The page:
Carol Elliott | March 19, 2019
University of Notre Dame assistant finance professor Huaizhi Chen’s research paper took first place in the 17th annual Dr. Richard A. Crowell Prize, which recognizes new and cutting-edge academic research that connects theory and practice in the field of quantitative investing.
Chen, who researches in the area of behavioral finance at Notre Dame’s Mendoza College of Business, won for the paper “IQ from IP: Simplifying Search in Portfolio Choice.” The research examined the monitoring behavior of individual institutional investors by using web traffic on the Securities and Exchange Commission’s EDGAR servers to specific events on the stocks in their investment portfolios. The paper found that mutual fund managers track a specific subset of firms and insiders, and this tracking activity not only remains persistent over time but also has powerful implications for their portfolio choice and subsequent performance.
“I think the main contribution of the research is to understand how these active asset managers construct and manage their portfolios based on all of the information available,” said Chen. “In principle, there isn’t a lot of direct evidence that managers actively acquire information to be used in portfolio formation. Our paper provides a first step in understanding that.”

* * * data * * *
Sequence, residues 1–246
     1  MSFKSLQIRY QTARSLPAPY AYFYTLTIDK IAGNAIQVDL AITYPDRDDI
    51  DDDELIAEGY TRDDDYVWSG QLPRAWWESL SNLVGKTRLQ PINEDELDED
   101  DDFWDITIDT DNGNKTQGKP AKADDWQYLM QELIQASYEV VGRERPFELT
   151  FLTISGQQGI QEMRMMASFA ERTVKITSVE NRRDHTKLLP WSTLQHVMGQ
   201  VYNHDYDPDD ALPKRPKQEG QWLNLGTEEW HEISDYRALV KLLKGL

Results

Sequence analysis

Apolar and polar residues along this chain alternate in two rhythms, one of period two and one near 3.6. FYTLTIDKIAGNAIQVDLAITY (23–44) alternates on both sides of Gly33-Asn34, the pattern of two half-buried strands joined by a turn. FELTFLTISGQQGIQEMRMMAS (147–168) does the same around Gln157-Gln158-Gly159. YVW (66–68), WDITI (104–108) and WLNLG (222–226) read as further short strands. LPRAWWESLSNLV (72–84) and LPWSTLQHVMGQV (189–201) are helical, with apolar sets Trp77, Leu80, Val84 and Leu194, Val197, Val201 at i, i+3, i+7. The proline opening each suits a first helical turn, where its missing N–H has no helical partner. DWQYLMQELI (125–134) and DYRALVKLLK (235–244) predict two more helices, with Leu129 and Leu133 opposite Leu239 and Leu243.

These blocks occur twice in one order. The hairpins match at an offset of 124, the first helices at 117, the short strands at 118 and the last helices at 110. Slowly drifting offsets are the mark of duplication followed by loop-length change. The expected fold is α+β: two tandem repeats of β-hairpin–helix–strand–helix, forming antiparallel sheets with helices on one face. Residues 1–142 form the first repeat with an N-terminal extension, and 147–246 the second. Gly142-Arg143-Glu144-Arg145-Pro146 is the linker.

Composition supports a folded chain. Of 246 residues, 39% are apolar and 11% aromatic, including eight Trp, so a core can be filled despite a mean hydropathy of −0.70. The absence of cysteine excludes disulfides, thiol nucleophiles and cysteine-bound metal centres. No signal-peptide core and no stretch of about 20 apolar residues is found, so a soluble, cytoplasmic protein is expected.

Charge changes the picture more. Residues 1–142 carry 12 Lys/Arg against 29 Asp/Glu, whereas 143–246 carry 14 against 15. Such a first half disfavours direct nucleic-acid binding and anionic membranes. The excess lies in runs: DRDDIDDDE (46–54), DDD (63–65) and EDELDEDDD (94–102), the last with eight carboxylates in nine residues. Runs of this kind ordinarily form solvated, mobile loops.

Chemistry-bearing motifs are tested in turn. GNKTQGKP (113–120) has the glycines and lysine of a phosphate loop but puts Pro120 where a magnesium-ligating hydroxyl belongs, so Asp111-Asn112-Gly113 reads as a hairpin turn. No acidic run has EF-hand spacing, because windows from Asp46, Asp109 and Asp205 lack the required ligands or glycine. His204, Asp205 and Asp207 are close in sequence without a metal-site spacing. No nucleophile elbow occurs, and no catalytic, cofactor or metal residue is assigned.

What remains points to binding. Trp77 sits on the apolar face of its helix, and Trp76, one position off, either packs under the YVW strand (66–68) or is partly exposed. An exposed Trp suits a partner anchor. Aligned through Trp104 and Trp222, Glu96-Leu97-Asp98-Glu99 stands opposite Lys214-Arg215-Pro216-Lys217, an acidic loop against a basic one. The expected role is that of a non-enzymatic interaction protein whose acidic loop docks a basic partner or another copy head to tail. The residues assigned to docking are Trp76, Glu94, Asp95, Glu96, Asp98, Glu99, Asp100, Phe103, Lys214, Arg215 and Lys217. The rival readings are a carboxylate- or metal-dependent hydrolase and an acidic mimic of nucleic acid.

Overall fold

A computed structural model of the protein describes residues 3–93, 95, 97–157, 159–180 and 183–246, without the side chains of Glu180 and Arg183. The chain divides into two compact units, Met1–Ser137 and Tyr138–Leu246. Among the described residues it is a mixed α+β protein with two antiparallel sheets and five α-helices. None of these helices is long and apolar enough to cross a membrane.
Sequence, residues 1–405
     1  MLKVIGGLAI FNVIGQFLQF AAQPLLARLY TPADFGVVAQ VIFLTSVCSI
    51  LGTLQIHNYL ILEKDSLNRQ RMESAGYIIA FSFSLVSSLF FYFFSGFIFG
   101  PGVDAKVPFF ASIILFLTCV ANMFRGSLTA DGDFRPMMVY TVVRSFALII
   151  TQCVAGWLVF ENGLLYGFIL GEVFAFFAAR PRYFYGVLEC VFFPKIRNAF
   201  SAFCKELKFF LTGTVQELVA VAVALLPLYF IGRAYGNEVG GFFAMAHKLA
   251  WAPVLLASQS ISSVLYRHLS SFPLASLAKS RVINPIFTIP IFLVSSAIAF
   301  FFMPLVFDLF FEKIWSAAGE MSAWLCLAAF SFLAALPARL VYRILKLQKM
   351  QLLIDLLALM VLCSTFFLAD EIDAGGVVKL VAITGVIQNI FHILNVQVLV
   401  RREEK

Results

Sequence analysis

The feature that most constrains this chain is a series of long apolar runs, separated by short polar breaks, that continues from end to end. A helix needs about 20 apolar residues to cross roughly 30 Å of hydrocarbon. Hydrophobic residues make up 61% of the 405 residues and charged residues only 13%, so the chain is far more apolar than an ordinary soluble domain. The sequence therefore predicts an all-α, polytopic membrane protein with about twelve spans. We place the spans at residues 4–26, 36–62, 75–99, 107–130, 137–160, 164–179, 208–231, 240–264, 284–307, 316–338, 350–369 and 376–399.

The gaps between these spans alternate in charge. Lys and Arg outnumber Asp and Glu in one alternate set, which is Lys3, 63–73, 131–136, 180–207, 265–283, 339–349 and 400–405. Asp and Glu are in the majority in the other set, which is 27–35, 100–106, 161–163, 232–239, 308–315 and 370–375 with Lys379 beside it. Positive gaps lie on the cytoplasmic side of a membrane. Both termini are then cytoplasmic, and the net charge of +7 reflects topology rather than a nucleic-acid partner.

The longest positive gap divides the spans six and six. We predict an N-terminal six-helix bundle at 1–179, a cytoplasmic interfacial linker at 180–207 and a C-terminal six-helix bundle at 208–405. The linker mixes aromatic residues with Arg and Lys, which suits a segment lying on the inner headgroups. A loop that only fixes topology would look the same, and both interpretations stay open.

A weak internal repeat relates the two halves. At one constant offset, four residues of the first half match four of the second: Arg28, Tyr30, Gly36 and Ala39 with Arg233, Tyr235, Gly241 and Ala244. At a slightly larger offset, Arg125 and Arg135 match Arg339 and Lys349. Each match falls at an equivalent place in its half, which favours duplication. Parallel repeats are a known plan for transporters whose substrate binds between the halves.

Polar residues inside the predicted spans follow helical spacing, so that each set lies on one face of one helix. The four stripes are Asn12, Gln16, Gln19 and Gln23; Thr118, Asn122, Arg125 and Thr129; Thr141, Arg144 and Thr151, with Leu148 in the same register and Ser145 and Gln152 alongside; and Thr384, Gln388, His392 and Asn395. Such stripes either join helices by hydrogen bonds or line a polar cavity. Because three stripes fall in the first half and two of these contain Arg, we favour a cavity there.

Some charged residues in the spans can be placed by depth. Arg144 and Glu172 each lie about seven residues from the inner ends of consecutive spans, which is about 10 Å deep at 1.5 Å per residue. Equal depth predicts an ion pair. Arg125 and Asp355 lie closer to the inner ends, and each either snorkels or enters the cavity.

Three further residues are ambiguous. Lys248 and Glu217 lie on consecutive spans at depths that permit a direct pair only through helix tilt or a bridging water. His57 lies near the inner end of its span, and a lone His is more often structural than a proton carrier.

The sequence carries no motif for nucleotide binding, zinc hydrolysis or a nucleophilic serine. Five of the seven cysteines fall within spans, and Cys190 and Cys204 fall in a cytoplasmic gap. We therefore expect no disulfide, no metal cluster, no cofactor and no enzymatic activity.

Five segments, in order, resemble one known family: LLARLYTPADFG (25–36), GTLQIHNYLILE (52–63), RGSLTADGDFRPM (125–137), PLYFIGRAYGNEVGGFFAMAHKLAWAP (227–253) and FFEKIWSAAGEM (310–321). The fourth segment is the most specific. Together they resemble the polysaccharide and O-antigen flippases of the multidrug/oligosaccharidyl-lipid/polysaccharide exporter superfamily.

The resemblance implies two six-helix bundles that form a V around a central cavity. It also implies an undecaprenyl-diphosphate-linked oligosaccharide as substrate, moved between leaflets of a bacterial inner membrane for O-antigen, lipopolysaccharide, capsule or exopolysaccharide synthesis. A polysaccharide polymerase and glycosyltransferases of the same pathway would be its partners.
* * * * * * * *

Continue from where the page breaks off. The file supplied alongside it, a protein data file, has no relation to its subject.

Prior to joining Mendoza’s faculty, Chen was a post-doctoral fellow at Harvard Business School. He earned bachelor’s degrees in mathematics and in economics, and a master’s degree in applied mathematics from Case Western Reserve University. He earned a master’s degree in finance and economics, and a doctoral degree in finance from London School of Economics and Political Science.
Chen’s co-authors include Lauren Cohen of Harvard Business School, Umit Gurun of the University of Texas at Dallas, Dong Lou of London School of Economics and Christopher Malloy of Harvard Business School.
Read more here.